After moving to Astoria on the coast of Oregon and quitting my University job, things really started to shift. I was no longer worried about what happened with the site, even though it was costing me money. My clinical practice started flowing well, and the energetic burden of living in the city was no longer a factor. Stress decreased radically and financial pressures became more or less non-existent. This spurred a lot of inner inquiry on my part, thinking about next steps. What has become clear is the next steps will look, from some perspectives, like going backwards. Indeed, I am returning to the source, as the Yijing has been imploring me to do for years.
In the next couple of months, I will be making some big changes to the site.
- The design and structure are already beginning to change. The final form will likely take several months to achieve, as I’m doing all the work myself and alongside my busy clinical practice.
- The most important change will be to the content. I’m taking down the vast majority of the content that’s been on the site this last decade. I will be structuring the best of that content into downloadable PDFs so people can still benefit from my early musings, and the contributions of others who have written for the site over the years. I’ll be taking some old posts and using them as stubs for updated content. Many posts will still remain, but it’s time to turn the page on the muttering of my youth.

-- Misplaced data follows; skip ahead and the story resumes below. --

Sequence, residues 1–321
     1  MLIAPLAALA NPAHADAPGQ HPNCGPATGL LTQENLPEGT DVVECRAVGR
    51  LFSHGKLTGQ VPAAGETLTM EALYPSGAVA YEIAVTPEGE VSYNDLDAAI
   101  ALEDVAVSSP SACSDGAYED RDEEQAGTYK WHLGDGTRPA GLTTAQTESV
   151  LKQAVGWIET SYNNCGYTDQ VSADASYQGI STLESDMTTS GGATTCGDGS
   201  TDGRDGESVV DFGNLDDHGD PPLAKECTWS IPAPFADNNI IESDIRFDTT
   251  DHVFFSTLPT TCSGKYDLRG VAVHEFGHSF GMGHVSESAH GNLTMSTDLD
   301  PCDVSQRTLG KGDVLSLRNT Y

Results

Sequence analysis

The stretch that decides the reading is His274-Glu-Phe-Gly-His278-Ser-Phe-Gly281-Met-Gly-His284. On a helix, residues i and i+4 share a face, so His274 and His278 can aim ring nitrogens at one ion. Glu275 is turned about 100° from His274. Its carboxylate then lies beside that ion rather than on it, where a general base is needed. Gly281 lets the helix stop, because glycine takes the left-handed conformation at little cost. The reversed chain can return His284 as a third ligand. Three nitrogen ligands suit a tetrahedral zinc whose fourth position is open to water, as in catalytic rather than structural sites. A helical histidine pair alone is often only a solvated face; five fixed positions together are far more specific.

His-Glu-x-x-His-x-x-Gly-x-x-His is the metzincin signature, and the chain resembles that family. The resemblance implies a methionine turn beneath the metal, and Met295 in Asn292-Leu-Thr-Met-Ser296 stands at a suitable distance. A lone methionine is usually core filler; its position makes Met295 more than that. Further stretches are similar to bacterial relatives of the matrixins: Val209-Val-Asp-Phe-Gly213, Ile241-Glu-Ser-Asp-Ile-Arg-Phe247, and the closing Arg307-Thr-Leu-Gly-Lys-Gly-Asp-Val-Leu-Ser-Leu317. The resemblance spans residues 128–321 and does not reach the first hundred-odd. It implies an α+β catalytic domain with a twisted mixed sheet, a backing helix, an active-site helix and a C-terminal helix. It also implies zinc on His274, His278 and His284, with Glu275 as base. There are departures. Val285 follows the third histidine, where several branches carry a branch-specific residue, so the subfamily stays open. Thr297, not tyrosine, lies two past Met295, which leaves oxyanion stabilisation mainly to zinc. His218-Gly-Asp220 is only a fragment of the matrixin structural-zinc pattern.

- All of the courses will stay up in their current form, and all of the membership aspects of the site will remain unchanged – though obviously the design has shifted a bit. I’ll not be offering any courses for sale during the transition, as I need to contemplate what it is I want to put out there, and how. If you know you’d like to join a course, and cannot wait, just contact me.